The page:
Their live performance energy is startling, with just two fifteen-year olds commanding the front of stage as effectively as four- and five-piece bands three times their age. Many of their songs are in New Zealand’s native language, Te Reo Māori. In fact, guitarist/lead singer Lewis de Jong (15) and his brother, drummer Henry (17), are of Ngati Pikiāo and Ngati Raukawa descent – they call themselves ‘Stealth Māori.’ They attended a full immersion kura kaupapa Māori (Māori language school) until they were seven years old, where singing waiata and performing haka were a daily routine. Also ingrained in their early learning were stories of New Zealand history from a Māori perspective. In September 2017, they won the prestigious „APRA Maioha award" for their song ‘Raupatu’ – a thrash metal commentary on the 1863 act of parliament that allowed the colonial government to confiscate vast areas of land from the indigenous Māori people. On 16 November, they took their places among NZ’s musical elite as nominees at the Vodafone New Zealand Music Awards.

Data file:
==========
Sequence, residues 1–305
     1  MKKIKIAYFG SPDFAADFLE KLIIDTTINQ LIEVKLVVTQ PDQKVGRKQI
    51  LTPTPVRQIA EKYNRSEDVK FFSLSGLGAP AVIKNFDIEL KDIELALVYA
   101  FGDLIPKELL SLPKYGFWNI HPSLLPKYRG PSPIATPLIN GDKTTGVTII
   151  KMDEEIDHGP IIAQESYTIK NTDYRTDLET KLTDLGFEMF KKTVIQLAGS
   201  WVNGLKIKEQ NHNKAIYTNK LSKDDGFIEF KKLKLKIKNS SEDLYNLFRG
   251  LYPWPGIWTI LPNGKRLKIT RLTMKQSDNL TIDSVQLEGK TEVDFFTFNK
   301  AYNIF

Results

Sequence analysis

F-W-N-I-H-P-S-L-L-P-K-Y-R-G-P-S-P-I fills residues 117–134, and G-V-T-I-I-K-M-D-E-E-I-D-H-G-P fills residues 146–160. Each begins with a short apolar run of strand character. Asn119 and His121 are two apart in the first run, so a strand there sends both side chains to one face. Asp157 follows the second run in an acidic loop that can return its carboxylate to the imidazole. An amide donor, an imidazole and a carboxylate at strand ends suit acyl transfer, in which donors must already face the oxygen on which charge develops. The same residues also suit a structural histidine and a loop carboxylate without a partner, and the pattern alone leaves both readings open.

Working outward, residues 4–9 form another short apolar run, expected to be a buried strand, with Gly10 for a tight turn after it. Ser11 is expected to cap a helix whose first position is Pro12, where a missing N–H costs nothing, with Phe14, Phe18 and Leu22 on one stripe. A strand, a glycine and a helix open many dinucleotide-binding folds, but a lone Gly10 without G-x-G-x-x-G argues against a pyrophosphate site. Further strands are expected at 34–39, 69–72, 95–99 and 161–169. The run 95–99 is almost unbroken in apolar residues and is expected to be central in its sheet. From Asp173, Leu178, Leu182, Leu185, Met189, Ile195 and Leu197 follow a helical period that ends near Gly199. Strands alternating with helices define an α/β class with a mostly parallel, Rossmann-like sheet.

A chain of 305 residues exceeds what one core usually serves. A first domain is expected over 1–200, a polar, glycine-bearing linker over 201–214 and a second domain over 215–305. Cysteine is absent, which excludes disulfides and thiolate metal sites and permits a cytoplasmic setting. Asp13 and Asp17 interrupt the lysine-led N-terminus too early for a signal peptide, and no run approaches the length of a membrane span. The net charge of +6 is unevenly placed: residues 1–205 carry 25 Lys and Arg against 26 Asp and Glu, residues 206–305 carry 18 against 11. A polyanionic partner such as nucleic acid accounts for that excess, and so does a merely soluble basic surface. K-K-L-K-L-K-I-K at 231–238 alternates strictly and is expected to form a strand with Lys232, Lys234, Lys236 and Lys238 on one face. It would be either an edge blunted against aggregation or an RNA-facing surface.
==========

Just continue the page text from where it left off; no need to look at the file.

The combination of thrash metal with Māori history and language has proved popular. Their latest music video for RūAna Te Whenuahas more than a million Youtube and Facebook views, spent 2 weeks at no. 1 on Spotify’s NZ Viral chart, and hit no. 2 on the iTunes global metal chart (just behind Iron Maiden’s ‘Run to the Hills’). The band’s music has been playlisted on stations in New Zealand and around the world – from Scotland to Brazil, as well as the USA, Australia and Germany.